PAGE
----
The construction industry is a sector many pay attention to for clues about economic confidence and potential future growth. A variety of construction indicators suggest that contractors in the Ninth District are building up confidence heading into 2020.
According to Dodge Data & Analytics, the value of construction starts saw a notable and sustained uptick to end 2019 across Ninth District states (Chart 1). Each district state has made contributions to the overall trend, but Minnesota has seen the most notable growth trend, and South Dakota has seen record-level permitting in Sioux Falls and Rapid City.
Much of the growth is coming from so-called nonresidential and nonbuilding categories. Many types of projects fall under these categories. Nonresidential includes various types of commercial construction, including industrial, which has seen prolonged activity in new warehouse and distribution centers to serve fast-growing online sales. Nonbuilding includes highway, energy, and infrastructure spending, and industry contacts have said renewable energy activity has been strong, among other things.
Other indicators are similarly optimistic. Data from the Minnesota Builders Exchange—which covers a multistate region, including much of the Ninth District—showed a modest increase in new projects, and total active projects showed a notable bump at year’s end (Chart 2).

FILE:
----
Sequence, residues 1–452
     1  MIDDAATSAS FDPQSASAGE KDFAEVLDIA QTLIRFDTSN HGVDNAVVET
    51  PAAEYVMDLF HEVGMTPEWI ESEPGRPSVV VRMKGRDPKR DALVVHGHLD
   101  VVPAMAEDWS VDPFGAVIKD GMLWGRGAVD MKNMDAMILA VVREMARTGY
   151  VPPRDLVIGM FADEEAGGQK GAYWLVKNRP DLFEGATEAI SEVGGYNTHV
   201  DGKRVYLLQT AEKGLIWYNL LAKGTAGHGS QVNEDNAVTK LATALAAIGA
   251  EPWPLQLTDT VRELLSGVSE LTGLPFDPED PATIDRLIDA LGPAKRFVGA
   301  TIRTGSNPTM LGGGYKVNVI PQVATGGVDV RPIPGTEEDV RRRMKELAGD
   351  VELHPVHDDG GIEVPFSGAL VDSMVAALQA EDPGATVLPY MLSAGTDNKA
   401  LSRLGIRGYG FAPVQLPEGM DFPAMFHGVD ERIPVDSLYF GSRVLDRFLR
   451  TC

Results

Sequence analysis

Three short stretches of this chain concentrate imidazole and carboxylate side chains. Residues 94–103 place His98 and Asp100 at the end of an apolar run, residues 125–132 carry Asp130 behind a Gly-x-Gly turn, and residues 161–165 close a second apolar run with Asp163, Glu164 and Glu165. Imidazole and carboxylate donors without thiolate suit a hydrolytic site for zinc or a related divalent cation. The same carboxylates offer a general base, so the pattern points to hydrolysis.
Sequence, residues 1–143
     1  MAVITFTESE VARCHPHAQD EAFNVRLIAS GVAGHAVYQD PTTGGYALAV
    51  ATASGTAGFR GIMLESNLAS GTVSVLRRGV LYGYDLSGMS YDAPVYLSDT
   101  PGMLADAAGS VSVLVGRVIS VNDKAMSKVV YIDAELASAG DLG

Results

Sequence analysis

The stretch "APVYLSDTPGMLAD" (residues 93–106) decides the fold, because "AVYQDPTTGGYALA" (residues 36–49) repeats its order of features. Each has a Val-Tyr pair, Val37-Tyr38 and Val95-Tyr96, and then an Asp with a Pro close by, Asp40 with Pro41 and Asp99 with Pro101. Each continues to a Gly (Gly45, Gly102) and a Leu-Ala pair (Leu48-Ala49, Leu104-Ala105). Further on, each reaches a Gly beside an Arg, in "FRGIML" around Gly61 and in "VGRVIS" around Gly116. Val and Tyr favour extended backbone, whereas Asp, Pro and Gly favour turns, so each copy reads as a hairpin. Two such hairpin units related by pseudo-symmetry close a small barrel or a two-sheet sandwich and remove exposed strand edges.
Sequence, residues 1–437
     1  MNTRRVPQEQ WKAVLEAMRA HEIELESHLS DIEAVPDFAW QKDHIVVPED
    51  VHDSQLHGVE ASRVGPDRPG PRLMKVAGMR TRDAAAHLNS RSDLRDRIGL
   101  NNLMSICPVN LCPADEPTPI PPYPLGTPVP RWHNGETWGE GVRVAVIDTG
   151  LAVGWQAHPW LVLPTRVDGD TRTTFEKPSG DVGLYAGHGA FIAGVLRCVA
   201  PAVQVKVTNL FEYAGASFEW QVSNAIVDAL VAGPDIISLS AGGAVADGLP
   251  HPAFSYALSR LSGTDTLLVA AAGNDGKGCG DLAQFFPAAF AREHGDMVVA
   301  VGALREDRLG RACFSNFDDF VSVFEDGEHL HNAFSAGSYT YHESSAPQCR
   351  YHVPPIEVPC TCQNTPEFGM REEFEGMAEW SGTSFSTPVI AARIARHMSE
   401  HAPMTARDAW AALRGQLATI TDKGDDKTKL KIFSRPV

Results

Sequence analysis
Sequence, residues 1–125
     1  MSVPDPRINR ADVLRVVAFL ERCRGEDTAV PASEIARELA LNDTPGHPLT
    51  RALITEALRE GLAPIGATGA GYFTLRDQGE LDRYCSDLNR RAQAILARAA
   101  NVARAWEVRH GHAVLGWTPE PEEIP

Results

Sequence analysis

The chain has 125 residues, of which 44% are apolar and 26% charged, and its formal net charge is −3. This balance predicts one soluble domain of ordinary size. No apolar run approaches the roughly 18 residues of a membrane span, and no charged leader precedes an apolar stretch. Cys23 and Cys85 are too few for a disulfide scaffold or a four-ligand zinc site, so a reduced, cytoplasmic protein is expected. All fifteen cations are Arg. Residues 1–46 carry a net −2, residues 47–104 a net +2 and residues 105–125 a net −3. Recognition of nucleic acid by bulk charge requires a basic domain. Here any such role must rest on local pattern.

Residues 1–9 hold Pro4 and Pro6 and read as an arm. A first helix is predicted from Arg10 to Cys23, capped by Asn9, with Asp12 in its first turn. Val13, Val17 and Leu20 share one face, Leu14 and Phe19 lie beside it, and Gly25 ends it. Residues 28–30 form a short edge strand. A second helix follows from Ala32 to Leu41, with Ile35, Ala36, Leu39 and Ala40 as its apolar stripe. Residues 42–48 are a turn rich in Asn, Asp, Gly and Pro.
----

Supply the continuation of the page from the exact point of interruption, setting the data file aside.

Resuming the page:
In feedback in January from more than 60 construction firms, mostly in the Twin Cities, a large majority saw an increase in activity in the fourth quarter of 2019 compared with a year earlier. They similarly expected the first half of 2020 to be stronger than a year earlier—most likely from the fact that many reported stronger project backlogs.
If there is a worry in the industry, it’s around workforce; a strong majority of construction firms contacted recently said they were looking for skilled workers, including on-site skilled trades as well as engineers and architects. Hiring for nonconstruction related positions (office staff, for example) was more modest, but still widespread.
But many were having difficulty finding that labor, and many reported that labor availability was their single greatest obstacle to future growth. A Twin Cities engineering firm said it was having difficulty finding qualified engineering staff, especially at salaries that were affordable to local clients. “One reason our growth is slow is the need for additional FTEs [full-time equivalents]. The work is available—even growing—but we need good, qualified staff to perform work, especially locally.”